In February 2009, with the adoption of the American Recovery and Reinvestment Act, $10.4 billion is earmarked for NIH research, renovations, and equipment upgrades.3 President Obama specifically put a call out for funds to be spent on comparative effectiveness research (CER). CER is “a rigorous evaluation of the impact of different options that are available for treating a given medical condition for a particular set of patients. Such a study may compare similar treatments, such as competing drugs, or it may analyze very different approaches, such as surgery and drug therapy.”4 Anywhere from $400 million to $1 billion is to be set aside for CER.

Will CER give us the information we seek? It does not require that we invent a placebo for massage. This is positive. It does, however, advocate an either/or rather than an add-on method of research. This is fine in the reductionist model, but again, it does not represent real world massage applications.

Are there other applications of outcomes research? According to the U.S. Department of Health and Human Services: “Outcomes research seeks to understand the end results of particular health-care practices and interventions. End results include effects that people experience and care about, such as change in the ability to function. In particular, for individuals with chronic conditions—where cure is not always possible—end results include quality of life as well as mortality. No longer just the domain of a small cadre of researchers, outcomes research has altered the culture of clinical practice and health-care research by changing how we assess the end results of health-care services. In doing so, it has provided the foundation for measuring the quality of care.”5

It appears there is room for interpretation. Perhaps we should be encouraging NIH and NCCAM to prioritize funding CER that focuses on real world outcomes. Sounds very similar to what Congress had in mind when they created NCCAM.

NCCAM 2011–2015 Strategic Plan

NCCAM is developing a strategic plan that will impact the next five years of research funding. In response to NCCAM’s call for comment on the new strategic plan, John Weeks on www.theintegratorblog.com pointed out some serious disconnects between this proposed direction, a direction that will determine how $600 million will be spent over the next five years, and the original mandate from Congress. The 1998 Congress mandate that established NCCAM identified practical, real world outcomes as the focus for NCCAM, yet less than 1 percent of NCCAM’s budget has funded effectiveness and cost-effectiveness research.6

The emphasis has been to continue funding RCTs and basic science, similar to what has been done for Western medical research rather than to shift to a new paradigm and delve into what is possible with CAM therapies. Dozens of representatives from CAM organizations have written to NCCAM Director Dr. Josephine Briggs to share their concerns about the direction NCCAM is heading and the need to limit research on basic science and find new methods beyond RCTs to study outcomes.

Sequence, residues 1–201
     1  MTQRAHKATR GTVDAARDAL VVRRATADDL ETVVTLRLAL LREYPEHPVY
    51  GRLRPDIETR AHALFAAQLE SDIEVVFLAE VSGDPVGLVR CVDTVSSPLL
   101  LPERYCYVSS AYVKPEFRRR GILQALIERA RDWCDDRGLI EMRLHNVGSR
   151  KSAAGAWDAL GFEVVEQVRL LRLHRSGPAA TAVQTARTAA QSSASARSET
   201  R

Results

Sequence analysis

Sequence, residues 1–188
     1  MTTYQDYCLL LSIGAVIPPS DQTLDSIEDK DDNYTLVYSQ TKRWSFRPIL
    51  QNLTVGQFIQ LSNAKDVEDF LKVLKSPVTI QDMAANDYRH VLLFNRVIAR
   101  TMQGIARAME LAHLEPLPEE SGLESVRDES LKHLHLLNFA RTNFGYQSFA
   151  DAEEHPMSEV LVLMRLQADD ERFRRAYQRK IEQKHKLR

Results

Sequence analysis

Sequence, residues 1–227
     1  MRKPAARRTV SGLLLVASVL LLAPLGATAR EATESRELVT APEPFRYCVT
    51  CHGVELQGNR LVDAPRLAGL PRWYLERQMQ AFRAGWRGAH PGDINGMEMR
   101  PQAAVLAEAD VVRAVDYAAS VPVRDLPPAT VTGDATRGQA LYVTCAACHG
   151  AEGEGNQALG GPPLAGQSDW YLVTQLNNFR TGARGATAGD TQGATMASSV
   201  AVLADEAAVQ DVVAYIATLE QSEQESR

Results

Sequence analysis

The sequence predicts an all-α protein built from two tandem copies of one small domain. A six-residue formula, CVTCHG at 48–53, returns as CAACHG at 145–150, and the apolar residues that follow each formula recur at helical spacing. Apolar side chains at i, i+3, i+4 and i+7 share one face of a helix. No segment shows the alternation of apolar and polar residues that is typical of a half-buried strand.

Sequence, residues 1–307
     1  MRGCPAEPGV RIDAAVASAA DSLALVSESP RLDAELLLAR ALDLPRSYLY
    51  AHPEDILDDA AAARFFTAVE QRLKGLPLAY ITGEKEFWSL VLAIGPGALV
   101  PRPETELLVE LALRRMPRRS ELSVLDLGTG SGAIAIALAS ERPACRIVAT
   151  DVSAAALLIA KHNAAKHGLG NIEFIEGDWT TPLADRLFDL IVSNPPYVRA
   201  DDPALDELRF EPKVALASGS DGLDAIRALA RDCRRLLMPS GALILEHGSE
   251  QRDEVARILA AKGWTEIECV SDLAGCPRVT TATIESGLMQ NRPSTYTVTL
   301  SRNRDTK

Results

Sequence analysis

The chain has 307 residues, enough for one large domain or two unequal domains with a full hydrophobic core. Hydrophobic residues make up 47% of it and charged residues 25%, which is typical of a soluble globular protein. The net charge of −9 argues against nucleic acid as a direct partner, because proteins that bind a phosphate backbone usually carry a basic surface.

While the debate has slowed down and we await the final version of NCCAM’s strategic plan, we can ponder the possibility that all levels of evidence are necessary building blocks to identifying studies that can answer our questions, and that funding real world outcomes research takes priority over RCTs and basic science research. Let’s ensure our government funds focus on discovering how to integrate massage and bodywork into health-care systems and preventative wellness models. And let’s discover ways of designing collaborative research to define how CAM therapies work together to ensure the health of our clients, rather than focusing on identifying the one best intervention. 

 An LMP since 1984, Diana Thompson has created a varied and interesting career out of massage: from specializing in pre- and postsurgical lymph drainage to teaching, writing, consulting, and volunteering. Her consulting includes assisting insurance carriers on integrating massage into insurance plans, and educating researchers on massage therapy theory and practice to ensure research
projects and protocols are designed to match how we practice. Contact her at soapsage@comcast.net.


1. Search of “complementary and alternative medicine” on PubMed, December 7, 2009.

2. National Center for Complementary and Alternative Medicine, “Statistics on Complementary and Alternative Medicine in the United States.” Available at http://nccam.nih.gov/news/camstats (accessed January 2010).

3. The Henry J. Kaiser Family Foundation,  “Kaiser Daily Health Policy Report.” Available at www.kaisernetwork.org/Daily_Reports/rep_index.cfm?DR_ID=57761 (accessed January 2010).

4. U.S. Department of Health & Human Services, Office of Extramural Research, “NIH Challenge Grants in Health and Science Research (RC1).” Available at http://grants.nih.gov/grants/funding/challenge%5Faward (accessed January 2010).

5. U.S. Department of Health & Human Services, Agency for Healthcare Research and Quality, “Outcomes Research: Fact Sheet.” Available at www.ahrq.gov/clinic/outfact.htm (accessed January 2010).

6. John Weeks, “How NCCAM’s ‘Real World’ Congressional Mandate is Optimal for NCCAM’s 2010–2015 Strategic Plan,” The Integrator Blog. Available at http://theintegratorblog.com/site/index.php?option=com_content&task=view&id=606&Itemid=189 (accessed January 2010).